The 2022 ITUC Global Rights Index, the ninth edition of the index, ranks 148 countries by their respect for worker rights. It claims to be a comprehensive review of workers’ rights in law and the only database of its kind.
When it comes to major garment-producing hubs, Bangladesh, Myanmar and Türkiye have been named as “the worst countries for working people”.
Bangladesh is alleged to have “regressive laws, obstacles to union formation and police violence” while Türkiye was named due to “repression of strikes, arrests of trade unionists and systematic union busting”.
Meanwhile, country ratings improved for El Salvador.
Latest findings of the 2022 ITUC Global Rights Index:
- 113 countries, including Myanmar, exclude workers from their right to establish or join a trade union, up from 106 in 2021
- 77% of countries denied workers the right to establish and join a trade union.
- Authorities in 74% of countries impeded the registration of unions, up from 59%, with state repression of independent union activity in Egypt and Myanmar.
- 50 countries exposed workers to physical violence, up from 45 in 2021, including a rise of 35% to 43% of countries in the Asia-Pacific region and 12% to 26% in Europe.
- 87% of countries violated the right to strike. Strikes in Egypt, India, Myanmar and the Philippines were met with the arrest of union leaders or with violent repression.
- Four in five countries blocked collective bargaining. This right is being eroded in the public and private sector in every region.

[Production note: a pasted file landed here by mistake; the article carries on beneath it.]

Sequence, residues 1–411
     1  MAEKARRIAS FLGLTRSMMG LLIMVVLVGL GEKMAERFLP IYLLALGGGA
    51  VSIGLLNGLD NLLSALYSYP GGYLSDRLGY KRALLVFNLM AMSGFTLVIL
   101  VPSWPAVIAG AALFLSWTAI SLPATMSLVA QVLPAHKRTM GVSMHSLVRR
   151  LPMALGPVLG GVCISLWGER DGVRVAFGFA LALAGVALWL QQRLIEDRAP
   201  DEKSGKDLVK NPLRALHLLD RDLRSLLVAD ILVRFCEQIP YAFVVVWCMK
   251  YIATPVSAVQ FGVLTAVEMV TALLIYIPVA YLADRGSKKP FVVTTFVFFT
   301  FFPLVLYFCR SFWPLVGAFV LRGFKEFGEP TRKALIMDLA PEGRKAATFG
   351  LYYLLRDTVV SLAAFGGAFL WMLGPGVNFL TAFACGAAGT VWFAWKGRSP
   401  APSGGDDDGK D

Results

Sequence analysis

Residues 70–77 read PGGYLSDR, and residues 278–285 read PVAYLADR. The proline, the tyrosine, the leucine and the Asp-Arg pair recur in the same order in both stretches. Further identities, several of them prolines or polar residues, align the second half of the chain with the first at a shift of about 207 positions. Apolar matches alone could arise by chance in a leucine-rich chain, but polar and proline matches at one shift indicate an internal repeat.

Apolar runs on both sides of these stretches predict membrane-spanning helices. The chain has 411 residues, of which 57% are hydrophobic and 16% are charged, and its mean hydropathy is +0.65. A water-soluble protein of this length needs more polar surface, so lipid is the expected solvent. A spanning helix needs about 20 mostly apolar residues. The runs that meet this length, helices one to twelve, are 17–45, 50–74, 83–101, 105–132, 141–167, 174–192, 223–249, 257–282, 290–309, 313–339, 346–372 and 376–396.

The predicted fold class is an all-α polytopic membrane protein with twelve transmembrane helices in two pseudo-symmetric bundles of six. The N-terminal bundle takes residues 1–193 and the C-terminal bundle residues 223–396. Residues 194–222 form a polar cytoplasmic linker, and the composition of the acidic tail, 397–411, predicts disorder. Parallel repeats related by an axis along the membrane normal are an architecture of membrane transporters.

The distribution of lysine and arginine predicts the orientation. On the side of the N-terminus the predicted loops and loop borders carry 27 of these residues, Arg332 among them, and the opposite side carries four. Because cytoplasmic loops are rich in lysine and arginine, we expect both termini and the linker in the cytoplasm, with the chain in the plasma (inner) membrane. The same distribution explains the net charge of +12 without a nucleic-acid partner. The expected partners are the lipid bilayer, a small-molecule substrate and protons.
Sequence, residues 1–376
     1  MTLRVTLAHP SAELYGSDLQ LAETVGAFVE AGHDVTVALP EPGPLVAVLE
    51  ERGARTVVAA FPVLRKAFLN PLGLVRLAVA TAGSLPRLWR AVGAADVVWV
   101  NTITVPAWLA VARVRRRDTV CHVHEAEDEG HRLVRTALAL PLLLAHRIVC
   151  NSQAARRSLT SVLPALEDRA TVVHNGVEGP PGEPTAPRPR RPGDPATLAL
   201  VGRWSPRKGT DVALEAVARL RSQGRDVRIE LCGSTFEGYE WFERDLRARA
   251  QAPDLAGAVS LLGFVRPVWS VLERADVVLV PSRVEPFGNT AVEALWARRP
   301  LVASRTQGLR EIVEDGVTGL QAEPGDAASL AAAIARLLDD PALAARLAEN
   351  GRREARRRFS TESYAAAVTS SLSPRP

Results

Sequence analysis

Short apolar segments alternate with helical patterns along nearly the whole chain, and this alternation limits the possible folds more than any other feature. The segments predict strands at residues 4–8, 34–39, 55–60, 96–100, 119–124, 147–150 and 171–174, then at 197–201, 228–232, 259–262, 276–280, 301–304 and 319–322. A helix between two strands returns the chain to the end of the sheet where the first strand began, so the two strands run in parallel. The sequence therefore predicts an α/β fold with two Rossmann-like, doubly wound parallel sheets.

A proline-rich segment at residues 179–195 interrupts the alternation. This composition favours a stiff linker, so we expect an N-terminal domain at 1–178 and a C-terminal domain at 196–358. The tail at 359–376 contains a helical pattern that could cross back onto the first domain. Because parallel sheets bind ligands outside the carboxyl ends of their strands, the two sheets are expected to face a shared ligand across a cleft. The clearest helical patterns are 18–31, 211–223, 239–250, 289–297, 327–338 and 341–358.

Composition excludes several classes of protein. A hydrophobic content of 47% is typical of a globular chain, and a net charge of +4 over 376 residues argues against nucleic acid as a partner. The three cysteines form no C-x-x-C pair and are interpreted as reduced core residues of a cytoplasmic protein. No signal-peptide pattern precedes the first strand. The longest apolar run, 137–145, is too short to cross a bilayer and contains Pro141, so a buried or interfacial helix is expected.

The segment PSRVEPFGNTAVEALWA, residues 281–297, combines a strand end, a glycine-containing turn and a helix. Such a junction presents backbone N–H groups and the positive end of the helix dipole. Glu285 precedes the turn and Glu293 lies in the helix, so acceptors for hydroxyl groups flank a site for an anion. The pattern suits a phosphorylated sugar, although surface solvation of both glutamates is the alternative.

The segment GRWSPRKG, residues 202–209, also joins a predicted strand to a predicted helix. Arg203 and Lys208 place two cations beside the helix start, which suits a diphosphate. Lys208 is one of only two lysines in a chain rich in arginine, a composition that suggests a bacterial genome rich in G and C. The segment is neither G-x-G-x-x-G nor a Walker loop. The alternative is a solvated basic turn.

ITUC general secretary Sharan Burrow said: “We know that workers are on the front line of multiple and extraordinary crises: historic levels of inequality, the climate emergency, a pandemic destroying lives and livelihoods, and conflicts with devastating domestic and global impacts. The 2022 ITUC Global Rights Index exposes how this instability is being exploited with so many governments and employers attacking workers’ rights.
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“The world needs a new social contract to start to undo this damage. Fundamentally, this will put working people back at the centre of the economy.
“Where there is abusive monopoly power or violations of human and labour rights or a struggle for peace and democracy, unions of working people are there to win justice, rights and representation. And without unions, there will be no just transition in the face of climate change and technological change.
“The 2022 Index is more evidence that the status quo cannot continue. The economic model has supported a race to the bottom that disregards human rights and environmental standards. The nine years of data from the Index show that this is spreading.”
The Istanbul Textile and Apparel Exporter Association and Bangladesh Garment Manufacturers and Exporters Association had not responded to Just Style’s request for comment at the time of going to press.